Preschool NutritionYou should now be giving your child 2%, low fat, or skim milk, as the American Academy of Pediatrics recommending switching to low-fat milk at age two years. So you should likely make the switch to low-fat milk if you haven't already.
Your child's diet should now resemble that of the rest of the families, with 3 meals and 2 snacks each day. You should limit milk and dairy products to about 16 to 24oz each day, and juice to 4 to 6oz each day, and offer a variety of foods to encourage good eating habits later.
To prevent feeding problems, teach your child to feed himself as early as possible, provide him with healthy choices and allow experimentation. Mealtimes should be enjoyable and pleasant and not a source of struggle. Common mistakes are allowing your child to drink too much milk or juice so that he isn't hungry for solids, forcing your child to eat when he isn't hungry, or forcing him to eat foods that he doesn't want.
Your child may now start to refuse to eat some foods, become a very picky eater or even go on binges where he will only want to eat a certain food. An important way that children learn to be independent is through establishing independence about feeding. Even though your child may not be eating as well rounded a diet as you would like, as long as your child is growing normally and has a normal energy level, there is probably little to worry about. Remember that this is a period in his development where he is not growing very fast and doesn't need a lot of calories. Also, most children do not eat a balanced diet each and every day, but over the course of a week or so, their diet will usually be well balanced. You can consider giving your child a daily vitamin if you think he is not eating well, although most children don't need them.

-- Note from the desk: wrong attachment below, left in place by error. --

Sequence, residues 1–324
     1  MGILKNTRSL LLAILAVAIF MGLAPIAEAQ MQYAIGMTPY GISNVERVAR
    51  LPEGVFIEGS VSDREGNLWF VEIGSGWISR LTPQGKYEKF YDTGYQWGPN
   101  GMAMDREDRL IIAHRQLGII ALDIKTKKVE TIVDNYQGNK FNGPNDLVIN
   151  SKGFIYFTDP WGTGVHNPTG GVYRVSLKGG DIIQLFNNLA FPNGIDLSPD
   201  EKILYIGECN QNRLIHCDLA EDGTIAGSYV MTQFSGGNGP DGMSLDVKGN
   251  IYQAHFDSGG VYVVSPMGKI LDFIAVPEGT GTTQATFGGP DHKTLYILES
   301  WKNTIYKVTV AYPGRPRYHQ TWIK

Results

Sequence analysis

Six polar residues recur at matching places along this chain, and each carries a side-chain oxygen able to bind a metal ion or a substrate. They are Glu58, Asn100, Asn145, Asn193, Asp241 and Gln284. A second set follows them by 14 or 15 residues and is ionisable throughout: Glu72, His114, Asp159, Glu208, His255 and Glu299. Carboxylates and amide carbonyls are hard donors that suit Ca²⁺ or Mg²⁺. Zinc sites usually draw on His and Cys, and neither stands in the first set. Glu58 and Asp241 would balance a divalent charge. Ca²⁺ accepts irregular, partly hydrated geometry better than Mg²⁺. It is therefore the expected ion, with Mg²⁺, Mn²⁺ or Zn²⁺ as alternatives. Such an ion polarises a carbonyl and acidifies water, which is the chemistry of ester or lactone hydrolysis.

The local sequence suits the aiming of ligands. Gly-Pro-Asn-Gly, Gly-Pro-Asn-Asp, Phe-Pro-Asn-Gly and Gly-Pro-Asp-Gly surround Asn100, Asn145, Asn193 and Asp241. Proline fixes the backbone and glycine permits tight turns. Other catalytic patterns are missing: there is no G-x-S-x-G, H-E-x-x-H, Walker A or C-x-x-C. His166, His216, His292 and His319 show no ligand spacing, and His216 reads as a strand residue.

While you should provide three well-balanced meals each day, it is important to keep in mind that some children will only eat one or two full meals each day. If you child has had a good breakfast and lunch, then it is okay that he doesn't want to eat much at dinner.
Other ways to prevent feeding problems are to not use food as a bribe or reward for desired behaviors, avoid punishing your child for not eating well, limit mealtime conversation to positive and pleasant topics, avoid discussing or commenting on your child's poor eating habits while at the table, limit eating and drinking to the table or high chair, and limit snacks to two nutritious snacks each day.
To avoid having to supplement with fluoride, use fluoridated tap water. If you are using bottled or filtered water only, then your child may need fluoride supplements (check with the manufacturer for your water's fluoride levels).
Feeding practices to avoid are continuing to use a bottle or sippy cup, giving large amounts of sweet deserts, soft drinks, fruit-flavored drinks, sugarcoated cereals, chips or candy, as they have little nutritional value. Also avoid giving foods that your child can choke on, such as raw carrots, peanuts, whole grapes, tough meats, popcorn, chewing gum or hard candy.
For more information on your preschooler's nutrition: